Nutritional information for the mega green kind consists of (per serving) 150% vitamin A, 40% vitamin C, and 10% of the recommended daily amount.

Green Crackers

If you like Kale chips, chances are you’ll like this one (also by Lydia’s Organics). And you can also do the same thing with the Greek yogurt for any crumbs left behind. The box packaging and the nature of the product texture does make this one less prone to crumbling than the kale chips. It also has a good protein-carb-fiber ratio so it’ll feel more substantial than eating just kale chips. For the serving size of 3 crackers, it’s 150 calories, 8g fat (1g saturated), 9g carbs, 4g fiber, 7g protein and 50% of the recommended daily intake of vitamin A.

Here’s also a few fad diets that I don’t really think people should follow so strictly:

The Paleo Diet (aka Caveman Diet)

This one is popular amongst cross-fitters and other gym enthusiasts. While the concept of eating things that would have only been found in nature by our paleolithic ancestors is generally good, some of the items on the list of things that you aren’t supposed to eat doesn’t seem 100% correct to me (the list was found on the Paleo Diet website at http://thepaleodiet.com/what-to-eat-on-the-paleo-diet/). Potatoes and legumes are on the list, which would rule out sweet potatoes and lentils (both of which I consider to be health foods).

Raw Food Diet

It is true that often times the nutritional value of foods are lost in the process of over-cooking them (eating raw slices of apple is more nutritional than eating apple pie filling, no doubt). So while it’s also generally a good idea to incorporate more raw fruits and vegetables into your diet, eating all foods raw isn’t always better. For an example, cooking tomatoes replaces the vitamin c (when eaten raw) with an increase in lycopene (when eaten cooked). And when you cook mushrooms, it helps release antioxidants such as ergothioneine while toxins and carcinogens such as agaritine get removed. So again, you shouldn’t strictly have to follow a raw food diet.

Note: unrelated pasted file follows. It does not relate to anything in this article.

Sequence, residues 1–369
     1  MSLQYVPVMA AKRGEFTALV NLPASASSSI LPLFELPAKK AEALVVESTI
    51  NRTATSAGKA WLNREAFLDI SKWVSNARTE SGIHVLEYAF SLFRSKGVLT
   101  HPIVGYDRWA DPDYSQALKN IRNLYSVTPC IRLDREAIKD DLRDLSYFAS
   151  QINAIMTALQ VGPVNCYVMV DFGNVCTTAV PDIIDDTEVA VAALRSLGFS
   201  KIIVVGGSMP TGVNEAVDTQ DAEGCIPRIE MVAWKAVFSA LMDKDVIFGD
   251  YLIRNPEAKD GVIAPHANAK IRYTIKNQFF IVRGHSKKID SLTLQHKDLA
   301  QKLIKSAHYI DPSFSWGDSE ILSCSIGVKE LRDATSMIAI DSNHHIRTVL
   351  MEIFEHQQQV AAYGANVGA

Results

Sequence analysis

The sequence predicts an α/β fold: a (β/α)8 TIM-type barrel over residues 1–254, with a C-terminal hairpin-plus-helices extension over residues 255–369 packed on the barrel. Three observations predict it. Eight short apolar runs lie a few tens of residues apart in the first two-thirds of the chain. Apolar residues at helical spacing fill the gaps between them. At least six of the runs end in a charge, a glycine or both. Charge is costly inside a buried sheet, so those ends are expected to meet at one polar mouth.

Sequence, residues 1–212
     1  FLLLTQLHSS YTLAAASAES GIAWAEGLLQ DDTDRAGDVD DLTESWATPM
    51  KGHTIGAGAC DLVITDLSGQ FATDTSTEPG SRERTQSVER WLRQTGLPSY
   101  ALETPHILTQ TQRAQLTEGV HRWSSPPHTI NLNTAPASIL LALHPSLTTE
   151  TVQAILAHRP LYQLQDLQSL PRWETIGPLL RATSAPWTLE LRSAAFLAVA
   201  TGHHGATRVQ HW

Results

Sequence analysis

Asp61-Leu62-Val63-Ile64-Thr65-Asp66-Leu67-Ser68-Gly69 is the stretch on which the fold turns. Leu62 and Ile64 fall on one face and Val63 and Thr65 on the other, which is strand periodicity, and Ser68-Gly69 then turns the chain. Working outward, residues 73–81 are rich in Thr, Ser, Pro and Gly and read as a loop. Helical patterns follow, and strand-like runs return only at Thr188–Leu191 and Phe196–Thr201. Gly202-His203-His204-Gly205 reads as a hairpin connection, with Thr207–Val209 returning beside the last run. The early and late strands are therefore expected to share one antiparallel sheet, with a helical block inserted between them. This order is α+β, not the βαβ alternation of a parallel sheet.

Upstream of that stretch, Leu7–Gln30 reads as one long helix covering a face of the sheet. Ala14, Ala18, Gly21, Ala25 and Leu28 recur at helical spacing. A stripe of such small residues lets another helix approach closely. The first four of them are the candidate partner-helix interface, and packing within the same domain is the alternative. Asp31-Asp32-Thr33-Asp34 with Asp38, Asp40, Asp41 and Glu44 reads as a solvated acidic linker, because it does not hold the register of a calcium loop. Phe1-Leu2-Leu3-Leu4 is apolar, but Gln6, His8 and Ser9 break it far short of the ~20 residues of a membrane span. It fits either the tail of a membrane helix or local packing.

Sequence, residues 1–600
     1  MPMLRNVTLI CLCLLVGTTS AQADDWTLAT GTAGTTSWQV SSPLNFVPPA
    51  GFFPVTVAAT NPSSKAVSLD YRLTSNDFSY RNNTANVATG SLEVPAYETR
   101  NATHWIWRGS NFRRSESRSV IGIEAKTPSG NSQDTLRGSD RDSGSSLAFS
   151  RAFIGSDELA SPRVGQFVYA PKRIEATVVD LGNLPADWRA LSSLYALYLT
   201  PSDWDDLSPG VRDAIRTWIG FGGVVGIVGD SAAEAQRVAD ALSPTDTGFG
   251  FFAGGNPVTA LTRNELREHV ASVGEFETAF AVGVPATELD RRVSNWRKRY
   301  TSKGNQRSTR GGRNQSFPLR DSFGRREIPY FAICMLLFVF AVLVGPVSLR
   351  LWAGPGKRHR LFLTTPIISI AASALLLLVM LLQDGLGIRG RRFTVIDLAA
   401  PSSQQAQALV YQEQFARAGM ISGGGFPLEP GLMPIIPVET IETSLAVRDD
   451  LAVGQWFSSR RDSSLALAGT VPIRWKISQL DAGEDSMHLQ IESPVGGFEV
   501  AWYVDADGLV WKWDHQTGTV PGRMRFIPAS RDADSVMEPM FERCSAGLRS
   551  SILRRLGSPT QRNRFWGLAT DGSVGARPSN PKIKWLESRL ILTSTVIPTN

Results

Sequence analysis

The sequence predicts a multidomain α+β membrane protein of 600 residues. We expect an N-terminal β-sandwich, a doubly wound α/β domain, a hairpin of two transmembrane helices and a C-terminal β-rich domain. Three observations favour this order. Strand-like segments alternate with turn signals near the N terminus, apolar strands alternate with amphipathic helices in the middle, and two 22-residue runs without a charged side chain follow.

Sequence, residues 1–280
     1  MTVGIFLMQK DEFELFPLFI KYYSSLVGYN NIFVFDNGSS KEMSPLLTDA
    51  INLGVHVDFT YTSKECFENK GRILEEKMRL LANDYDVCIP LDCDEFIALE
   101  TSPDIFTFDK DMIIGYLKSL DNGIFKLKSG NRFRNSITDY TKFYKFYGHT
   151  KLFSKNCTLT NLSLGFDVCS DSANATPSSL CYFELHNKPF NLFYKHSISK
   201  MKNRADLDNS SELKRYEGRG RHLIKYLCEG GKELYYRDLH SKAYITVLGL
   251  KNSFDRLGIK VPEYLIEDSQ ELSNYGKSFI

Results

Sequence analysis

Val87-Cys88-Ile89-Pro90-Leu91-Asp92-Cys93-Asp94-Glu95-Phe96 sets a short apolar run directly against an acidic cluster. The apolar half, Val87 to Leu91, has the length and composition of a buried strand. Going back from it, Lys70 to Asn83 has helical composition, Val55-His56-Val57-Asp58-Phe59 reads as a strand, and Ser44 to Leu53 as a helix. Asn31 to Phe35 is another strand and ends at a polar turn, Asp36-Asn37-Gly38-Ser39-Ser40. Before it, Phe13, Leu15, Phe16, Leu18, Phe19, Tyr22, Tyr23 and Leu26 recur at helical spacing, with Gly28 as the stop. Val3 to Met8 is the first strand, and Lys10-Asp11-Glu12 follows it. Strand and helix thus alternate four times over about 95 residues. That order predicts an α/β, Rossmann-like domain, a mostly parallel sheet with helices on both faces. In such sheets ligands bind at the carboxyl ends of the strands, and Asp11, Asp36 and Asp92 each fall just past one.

Gluten- Free Diet

This diet is supposed to be for people who are celiac-positive, meaning those who have trouble absorbing nutrition from food when gluten is involved. However, there seems to be many people who go on this diet thinking it will help them stay fit. This is similar to the misconception that being a vegetarian is healthy as you can be on a potato chip and beer diet and qualify as a vegetarian (there are people out there who claim to be vegetarians but won’t eat vegetables). Here’s a video from the Jimmy Kimmel Live show that had me laughing because it really goes to show how ignorant people are:


And there you have it. The bottom line is, you should always make informed decisions and be ready to question fad diets so that you can weigh in on the pros and cons. A diet is not supposed to be a fad anyways – it’s a lifestyle.